Glass, Dean & Mendelssohn

Glass Dean Mendelssohn ASQ 2018Australian String Quartet. Adelaide Town Hall. 15 Feb 2018


Glass, Dean and Mendelssohn. Interesting bed partners, and without them being placed into context, the programme could easily have failed. It didn’t, and the concert was an outstanding success, on a number of levels.


In her opening remarks to the audience, cellist Sharon Grigoryan remarked that Brett Dean’s String Quartet no 1 Eclipse was “difficult to play and difficult to listen to”, and she was right. The piece was Dean’s deeply personal response to the so-called Tampa crisis of 2001 which saw the captain of MV Tampa rescue a boatload of refugees in the Indian ocean and his subsequent showdown with the Australian Government. How does one respond musically to such an event? How does one respond to hearing such a piece of music? One thing is for certain, Dean’s response is complex and not pretty, and knowing the composition’s provenance makes it compelling to the listener.


The near ‘eclipsing’ of the humanity of the refugees by the Australian Government is made evident through the strident and eerie music, and the members of the ASQ brought their misery and dire predicament to life again.


Dean’s quartet was preceded by a near hypnotic reading of Philip Glass’s String Quartet No 3 Mishima. This quartet is also a programmatic composition, but knowing ‘the story’ makes little difference to one’s enjoyment of it. Glass is Glass. His music is minimalist, it is beguiling, it is melodic, it barely has a narrative, and it can be anything you want. The ASQ played it on a pale blue dimly lit stage, and they seemed to float before our eyes. It was a perfect prelude to the story of the Tampa that followed without a break.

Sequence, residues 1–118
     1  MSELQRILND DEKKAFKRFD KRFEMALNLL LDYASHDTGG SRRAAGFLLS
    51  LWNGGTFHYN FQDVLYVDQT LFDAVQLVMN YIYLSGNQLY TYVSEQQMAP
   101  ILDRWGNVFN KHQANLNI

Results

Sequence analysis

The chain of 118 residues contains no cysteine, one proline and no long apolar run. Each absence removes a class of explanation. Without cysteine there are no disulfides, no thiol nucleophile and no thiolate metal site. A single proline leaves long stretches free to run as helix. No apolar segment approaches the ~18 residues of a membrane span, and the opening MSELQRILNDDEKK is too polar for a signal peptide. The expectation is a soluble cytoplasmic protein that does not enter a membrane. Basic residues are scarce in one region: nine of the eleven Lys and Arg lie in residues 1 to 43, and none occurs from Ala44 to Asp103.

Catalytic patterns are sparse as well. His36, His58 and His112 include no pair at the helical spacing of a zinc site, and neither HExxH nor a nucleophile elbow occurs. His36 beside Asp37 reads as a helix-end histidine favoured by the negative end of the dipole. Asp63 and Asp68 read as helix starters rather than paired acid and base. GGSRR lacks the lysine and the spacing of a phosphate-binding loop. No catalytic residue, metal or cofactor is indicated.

Following the interval, Mendelssohn’s String Quartet in D op 44 no 1 returned us to normality. The lush melodies and obvious classical structures allowed us to push Tampa aside, and all with the world became good again. But after we had left the auditorium the doubts came creeping back into one’s mind: the lilting but incessant melodies and rhythms of Philip Glass were pushed aside by the jarring and stabbing sonorities of Brett Dean, and Mendelssohn was unable to give us traditional comfort.


What a remarkable concert from a truly outstanding ensemble of beautifully matched musicians.


Kym Clayton


When: 15 Feb

Where: Adelaide Town Hall

Bookings: Closed